Lillian Axe

Water Rising

Written by: PP on 10/09/2007 01:06:12

Lillian Axe sure haven't been busy putting out records. "Water Rising" is apparently their first new album in over 15 years now, and what the band has been doing in the meantime is a mystery to me, as I'm too lazy to do enough research about a band that existed before the large majority of our readers were interested in heavy music. Not surprisingly, "Water Rising" is a heavy metal album, only this time it is one which has something most records in this genre don't, namely originality.

The album opens nicely with the title track's gentle strumming, before the riffs shoot straight to the stratosphere in size. The vocals start out in a predictable 'true metal' style, but a surprisingly big amount of variation follows in both pitch and speed. There's even vocal duels that supplement the catchy chords on the background. "Antarctica" continues the same style of massive riffs, but with still much more substance than 90% of bands in this genre. The solo is technically proficient and earpleasing as well. But by the end of the song, one aspect started bothering me, which is the absolutely horrid production of the album. The bass is tuned way too high, so your ear drums feel like they are bursting into pieces when the kickdrum hits at the same time as the bass strings are struck. If you ask me, it's a rather amateurish error as almost anyone can get decent levels of production even at a home studio.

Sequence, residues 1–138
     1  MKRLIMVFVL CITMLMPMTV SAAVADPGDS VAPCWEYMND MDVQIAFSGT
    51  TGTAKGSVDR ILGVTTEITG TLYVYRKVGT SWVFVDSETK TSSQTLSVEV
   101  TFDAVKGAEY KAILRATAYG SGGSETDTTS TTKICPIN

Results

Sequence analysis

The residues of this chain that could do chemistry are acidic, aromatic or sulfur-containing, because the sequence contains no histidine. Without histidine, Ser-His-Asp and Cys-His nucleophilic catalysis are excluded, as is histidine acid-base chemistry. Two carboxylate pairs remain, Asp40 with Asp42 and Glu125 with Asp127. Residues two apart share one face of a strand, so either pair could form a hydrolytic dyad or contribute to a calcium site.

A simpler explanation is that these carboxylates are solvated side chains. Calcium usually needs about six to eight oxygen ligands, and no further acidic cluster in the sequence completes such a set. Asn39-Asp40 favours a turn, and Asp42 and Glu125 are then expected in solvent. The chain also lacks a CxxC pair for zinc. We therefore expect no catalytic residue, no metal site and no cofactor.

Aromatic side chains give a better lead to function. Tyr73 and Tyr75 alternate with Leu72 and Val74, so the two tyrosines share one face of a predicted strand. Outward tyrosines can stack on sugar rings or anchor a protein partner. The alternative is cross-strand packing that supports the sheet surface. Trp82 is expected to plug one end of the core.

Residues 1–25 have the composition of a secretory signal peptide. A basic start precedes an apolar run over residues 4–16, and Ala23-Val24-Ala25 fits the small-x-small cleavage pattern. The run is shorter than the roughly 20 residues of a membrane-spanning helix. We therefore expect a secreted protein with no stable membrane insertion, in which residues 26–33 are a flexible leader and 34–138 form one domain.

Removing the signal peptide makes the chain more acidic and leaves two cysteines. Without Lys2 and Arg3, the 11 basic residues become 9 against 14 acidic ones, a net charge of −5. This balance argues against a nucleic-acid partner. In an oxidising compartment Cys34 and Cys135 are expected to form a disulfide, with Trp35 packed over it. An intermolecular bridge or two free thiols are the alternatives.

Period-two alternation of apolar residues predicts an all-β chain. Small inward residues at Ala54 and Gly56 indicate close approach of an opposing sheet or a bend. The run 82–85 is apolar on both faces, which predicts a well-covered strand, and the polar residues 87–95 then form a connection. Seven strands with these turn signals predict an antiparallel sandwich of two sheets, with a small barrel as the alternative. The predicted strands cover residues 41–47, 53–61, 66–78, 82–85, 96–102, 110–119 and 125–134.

"Become The Monster" has a predictable chorus, but it works well, because the speed of the song variates nicely between the chorus and the verses. "Quarantine" boasts of extremely weird lead guitar effects that make the song interesting despite its overall balladic structure. Unfortunately, thereafter the band falls into the heavy metal wankery trap, meaning that they start over-inflating their guitars and trying to stretch their sound too far into elements that don't belong on the album. The refreshingly different melodies of the first four tracks don't return on more than one or two tracks for the rest of the album, and especially eight minute long "Fields Of Yesterday" doesn't fit in at all. It would be a nice song for another band given its symphonic sound and hymn-style vocals, but I can't help but think the song feels awfully out of place on this record. "Until The End Of The World" sounds far too poppy, and it lacks a properly melodic, catchy hook. Fair enough, not all songs can be built on catchy riffs, but when you lay it out so obviously in the first four tracks of the album where it works brilliantly, you end up feeling a bit disappointed towards the end. Time after time I return to "Quarantine" for its weird sound, or to "Waters Rising" for its awesome melody.

As such, it's difficult to justify a higher than an average grade for the album, even if the first quarter of it excels in what most heavy metal bands don't: keeping me interested and returning me back to the songs.

Download: Waters Rising, Antarctica, Quarantine
For the fans of: Poison, Ratt, Sixx A.M.
Listen: Myspace

Release date 02.07.2007
Locomotive Records
Provided by Target ApS

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